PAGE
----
GO AIR 2005 10 2.1 yrs
PARAMOUNT 2005 0 (+18)

Exhibit 2: Cost Structure of the Indian Aviation Industry

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GROWTH IN INDIAN AIRLINES INDUSTRY

It is a phase of rapid growth in the industry with estimated growth of domestic passenger
segment at 50% per annum. This has led to intense price competition due to which full service
carriers like Jet Airways, Indian Airlines and Air Sahara are giving discounts of up to 60-70%
for certain routes to match the new entrants' ticket prices. The customer has thus gained
enormously as a result of liberalization of the sector.

The Indian Civil Aviation market grew at a CAGR of 18%, being valued round US$ 5.6
billion in 2008. Further statistics revealed that the air traffic in August 2009 was a double digit
figure. The domestic airliners flew 3.67 million passengers in August 2009, as against 2.92
million in the corresponding period of 2007, up by 26%. The Centre for Asia Pacific Aviation
(CAPA) has estimated that the domestic traffic will go up by 25% to 30% till 2010 along with
a surge in the international traffic by 15%. There would be more than 100 million passengers
by 2010. Then again by 2020, Indian airports will in all probability handle over 100 million
passengers every year. The investment plans to the tune of US$ 9 billion has been made by
the Aviation Ministry for modernizing the existing airports by 2010.

In terms of domestic passengers' volume, US have always been the leader with followers in
the league like China, Japan and India. The number of domestic flights went up by 69% from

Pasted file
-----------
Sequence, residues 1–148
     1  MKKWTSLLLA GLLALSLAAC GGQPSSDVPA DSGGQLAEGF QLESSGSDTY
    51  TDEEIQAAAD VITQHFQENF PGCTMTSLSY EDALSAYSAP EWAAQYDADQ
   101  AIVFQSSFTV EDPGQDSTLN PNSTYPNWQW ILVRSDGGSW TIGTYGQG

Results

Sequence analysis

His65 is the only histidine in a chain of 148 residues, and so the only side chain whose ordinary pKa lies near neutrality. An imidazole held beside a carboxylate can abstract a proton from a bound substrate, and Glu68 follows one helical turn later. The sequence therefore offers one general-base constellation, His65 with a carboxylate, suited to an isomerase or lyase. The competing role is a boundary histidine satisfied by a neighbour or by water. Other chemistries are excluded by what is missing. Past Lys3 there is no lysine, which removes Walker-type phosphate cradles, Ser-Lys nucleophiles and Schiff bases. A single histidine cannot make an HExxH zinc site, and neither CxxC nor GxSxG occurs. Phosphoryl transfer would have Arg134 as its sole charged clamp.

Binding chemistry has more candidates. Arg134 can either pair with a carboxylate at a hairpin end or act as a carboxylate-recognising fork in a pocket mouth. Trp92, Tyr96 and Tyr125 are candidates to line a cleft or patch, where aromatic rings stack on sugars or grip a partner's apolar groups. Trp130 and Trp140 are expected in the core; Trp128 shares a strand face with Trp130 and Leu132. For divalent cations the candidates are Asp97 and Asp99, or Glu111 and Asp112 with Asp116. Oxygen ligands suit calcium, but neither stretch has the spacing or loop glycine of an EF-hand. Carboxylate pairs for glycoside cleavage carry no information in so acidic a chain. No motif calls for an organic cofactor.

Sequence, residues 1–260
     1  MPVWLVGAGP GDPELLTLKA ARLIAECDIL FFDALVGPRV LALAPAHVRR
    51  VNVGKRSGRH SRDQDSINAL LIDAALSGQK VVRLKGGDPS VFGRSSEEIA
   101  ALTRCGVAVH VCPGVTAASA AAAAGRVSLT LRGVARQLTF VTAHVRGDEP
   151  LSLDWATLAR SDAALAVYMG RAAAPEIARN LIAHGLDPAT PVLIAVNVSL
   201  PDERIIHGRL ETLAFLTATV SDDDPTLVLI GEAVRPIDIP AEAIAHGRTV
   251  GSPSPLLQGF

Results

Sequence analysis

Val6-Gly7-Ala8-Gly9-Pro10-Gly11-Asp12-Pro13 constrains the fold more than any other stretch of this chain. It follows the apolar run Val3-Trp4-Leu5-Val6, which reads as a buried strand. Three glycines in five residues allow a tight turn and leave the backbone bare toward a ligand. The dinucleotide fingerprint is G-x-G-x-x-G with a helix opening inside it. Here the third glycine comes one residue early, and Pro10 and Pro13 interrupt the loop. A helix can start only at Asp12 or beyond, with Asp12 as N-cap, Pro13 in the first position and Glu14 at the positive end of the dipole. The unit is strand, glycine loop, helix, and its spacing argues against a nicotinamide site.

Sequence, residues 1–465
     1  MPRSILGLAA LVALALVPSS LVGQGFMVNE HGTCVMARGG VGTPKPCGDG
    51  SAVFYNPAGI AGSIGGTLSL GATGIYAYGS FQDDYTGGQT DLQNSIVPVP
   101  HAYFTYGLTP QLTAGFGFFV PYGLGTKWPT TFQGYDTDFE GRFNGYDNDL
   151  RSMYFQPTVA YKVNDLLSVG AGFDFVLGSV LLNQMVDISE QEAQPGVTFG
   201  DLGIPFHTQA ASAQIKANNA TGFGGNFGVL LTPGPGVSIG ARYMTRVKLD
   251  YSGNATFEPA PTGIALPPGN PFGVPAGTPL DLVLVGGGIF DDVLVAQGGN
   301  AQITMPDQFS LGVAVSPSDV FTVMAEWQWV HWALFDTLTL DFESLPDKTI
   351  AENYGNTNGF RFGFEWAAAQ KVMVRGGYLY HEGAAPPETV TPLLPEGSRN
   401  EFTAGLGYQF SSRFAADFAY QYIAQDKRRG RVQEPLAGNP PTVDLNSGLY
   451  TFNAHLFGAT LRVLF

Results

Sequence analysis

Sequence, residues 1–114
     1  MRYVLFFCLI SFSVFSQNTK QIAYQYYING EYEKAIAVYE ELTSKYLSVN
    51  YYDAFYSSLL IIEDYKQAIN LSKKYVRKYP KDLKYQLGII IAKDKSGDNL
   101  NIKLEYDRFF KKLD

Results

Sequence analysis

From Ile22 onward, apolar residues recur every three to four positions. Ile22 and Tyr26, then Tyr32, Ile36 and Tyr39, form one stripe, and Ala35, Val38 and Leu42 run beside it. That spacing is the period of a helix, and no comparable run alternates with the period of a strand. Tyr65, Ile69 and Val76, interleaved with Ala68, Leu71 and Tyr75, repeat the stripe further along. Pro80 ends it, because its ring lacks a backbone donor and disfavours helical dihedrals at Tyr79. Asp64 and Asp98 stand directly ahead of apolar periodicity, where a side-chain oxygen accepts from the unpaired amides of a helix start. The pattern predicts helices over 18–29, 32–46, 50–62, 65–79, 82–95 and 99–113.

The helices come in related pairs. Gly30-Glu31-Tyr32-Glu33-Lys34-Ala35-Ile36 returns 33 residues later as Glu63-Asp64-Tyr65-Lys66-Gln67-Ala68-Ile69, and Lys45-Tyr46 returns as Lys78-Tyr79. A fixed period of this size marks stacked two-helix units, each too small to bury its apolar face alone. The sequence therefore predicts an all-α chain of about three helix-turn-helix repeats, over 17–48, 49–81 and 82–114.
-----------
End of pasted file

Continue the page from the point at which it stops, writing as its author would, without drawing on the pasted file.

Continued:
2005 to 2008, with the domestic aviation sector growing at 9-10%.

Exhibit 3

CHALLENGES FOR AIRLINES INDUSTRY

After a period of drastic growth, Indian Airlines is now gripped with challenges on several
fronts that are also impacting the industry across the globe. These include shortage of workers
and professionals, safety concerns, declining returns, excess capacity and the lack of
accompanying infrastructure. Moreover, huge debt burden, stiff competition and rising

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Aviation Turbine Fuel (ATF) costs are also negatively impacting the industry.

1. Employee shortage:
There is clearly a shortage of trained and skilled manpower in the aviation sector as a
consequence of which there is cut-throat competition for employees, which in turn, is
driving wage levels to unsustainable levels. Moreover, the industry is unable to retain
talented employees.

2. High Aviation Turbine Fuel (ATF) Prices:


ATF prices now form around 80% of the total operating costs of Airline Industry. The
industry across the world continues to be plagued with high ATF prices which have
demonstrated the inverse relationship between airline stock prices and fuel prices.
ATF prices have almost doubled over the last year. Almost all Indian carriers are also
feeling the heat and are desperately resorting to measures like cutting routes,